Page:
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Secret Societies of the Middle Ages

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Author Topic: Secret Societies of the Middle Ages  (Read 2073 times)
Trena Alloway
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« Reply #105 on: February 01, 2009, 10:50:11 pm »

and by summoning to the chapter such knights as were attached or looked up to him, contrive to carry any matters that he desired. The laws, however, by way of check upon him, made it imperative that the high officers of the order should have seats in the chapter; and as these were not appointed by the Master, and were independent of him, it was supposed that they would not be his creatures. This chapter could decide on all matters relating to the order, some important affairs, such as war and peace, excepted; make laws and regulations, which were binding on the whole society; and send visitors to the different provinces. All public documents, such as papal bulls, were addressed to it and the Master; all decisions in matters of importance came from it; and all the brethren who were received in the West were sent to it to be distributed where they might be wanting. The declaration made by a French knight on his examination, that the receptions in the chapter of Jerusalem were rare, as the members could be seldom brought to agree respecting a candidate, gives a hint that it was not in general a scene of the greatest harmony and unity. It is, indeed, but natural to suppose, that, as it was the chief seat of the power of the order, it was also the great theatre of intrigue and cabal.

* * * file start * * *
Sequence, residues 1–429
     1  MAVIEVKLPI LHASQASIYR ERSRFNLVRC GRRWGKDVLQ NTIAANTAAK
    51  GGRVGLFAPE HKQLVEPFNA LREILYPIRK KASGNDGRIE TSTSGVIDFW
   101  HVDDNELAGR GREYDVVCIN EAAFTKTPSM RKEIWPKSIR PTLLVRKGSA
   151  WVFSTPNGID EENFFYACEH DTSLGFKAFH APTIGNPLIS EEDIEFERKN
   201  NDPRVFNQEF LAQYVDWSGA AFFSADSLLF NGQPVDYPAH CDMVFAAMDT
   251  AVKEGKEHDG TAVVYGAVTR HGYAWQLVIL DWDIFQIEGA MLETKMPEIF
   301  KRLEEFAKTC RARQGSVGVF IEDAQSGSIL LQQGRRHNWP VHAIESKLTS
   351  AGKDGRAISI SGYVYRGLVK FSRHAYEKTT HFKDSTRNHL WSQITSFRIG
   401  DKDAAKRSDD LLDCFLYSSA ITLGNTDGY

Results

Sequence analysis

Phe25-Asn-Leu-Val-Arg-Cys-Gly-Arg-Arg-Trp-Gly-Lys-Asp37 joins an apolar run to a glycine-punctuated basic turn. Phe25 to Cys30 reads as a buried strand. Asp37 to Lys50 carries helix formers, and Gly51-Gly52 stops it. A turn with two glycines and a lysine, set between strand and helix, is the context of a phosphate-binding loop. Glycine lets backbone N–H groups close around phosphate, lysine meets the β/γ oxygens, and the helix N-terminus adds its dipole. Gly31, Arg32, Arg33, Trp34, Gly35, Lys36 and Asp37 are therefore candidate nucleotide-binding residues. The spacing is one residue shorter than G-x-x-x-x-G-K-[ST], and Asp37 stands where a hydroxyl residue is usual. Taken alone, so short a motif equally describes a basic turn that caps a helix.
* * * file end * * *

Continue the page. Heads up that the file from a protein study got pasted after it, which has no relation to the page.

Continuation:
Each province of the order had its general chapter, and also a smaller one, presided over by the great-prior, and composed of the principal officers and such knights of character and estimation as the prior chose to call to it. In like manner every preceptory and every large house of the order had its chapter, at which all the brethren were required to attend. The commander was president, and each question was decided by the majority of voices. The chief transactions in it consisted in the reception of new brethren, and the making up of quarrels and

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